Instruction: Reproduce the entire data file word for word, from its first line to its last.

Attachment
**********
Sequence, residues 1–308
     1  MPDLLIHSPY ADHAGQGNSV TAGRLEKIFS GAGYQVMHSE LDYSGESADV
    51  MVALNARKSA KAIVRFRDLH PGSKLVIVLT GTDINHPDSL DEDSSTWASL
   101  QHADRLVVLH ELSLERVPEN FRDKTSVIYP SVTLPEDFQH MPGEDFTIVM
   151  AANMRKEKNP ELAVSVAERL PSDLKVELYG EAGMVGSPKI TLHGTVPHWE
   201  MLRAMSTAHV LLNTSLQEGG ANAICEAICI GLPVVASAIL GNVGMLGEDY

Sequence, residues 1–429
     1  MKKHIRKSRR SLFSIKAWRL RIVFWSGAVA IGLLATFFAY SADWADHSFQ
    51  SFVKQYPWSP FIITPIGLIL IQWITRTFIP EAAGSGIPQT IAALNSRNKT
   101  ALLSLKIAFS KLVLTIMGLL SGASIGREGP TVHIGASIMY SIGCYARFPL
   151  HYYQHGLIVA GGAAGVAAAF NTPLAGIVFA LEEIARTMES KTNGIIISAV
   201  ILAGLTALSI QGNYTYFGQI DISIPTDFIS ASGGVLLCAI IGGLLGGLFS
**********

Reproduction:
Sequence, residues 1–308
     1  MPDLLIHSPY ADHAGQGNSV TAGRLEKIFS GAGYQVMHSE LDYSGESADV
    51  MVALNARKSA KAIVRFRDLH PGSKLVIVLT GTDINHPDSL DEDSSTWASL
   101  QHADRLVVLH ELSLERVPEN FRDKTSVIYP SVTLPEDFQH MPGEDFTIVM
   151  AANMRKEKNP ELAVSVAERL PSDLKVELYG EAGMVGSPKI TLHGTVPHWE
   201  MLRAMSTAHV LLNTSLQEGG ANAICEAICI GLPVVASAIL GNVGMLGEDY

Sequence, residues 1–429
     1  MKKHIRKSRR SLFSIKAWRL RIVFWSGAVA IGLLATFFAY SADWADHSFQ
    51  SFVKQYPWSP FIITPIGLIL IQWITRTFIP EAAGSGIPQT IAALNSRNKT
   101  ALLSLKIAFS KLVLTIMGLL SGASIGREGP TVHIGASIMY SIGCYARFPL
   151  HYYQHGLIVA GGAAGVAAAF NTPLAGIVFA LEEIARTMES KTNGIIISAV
   201  ILAGLTALSI QGNYTYFGQI DISIPTDFIS ASGGVLLCAI IGGLLGGLFS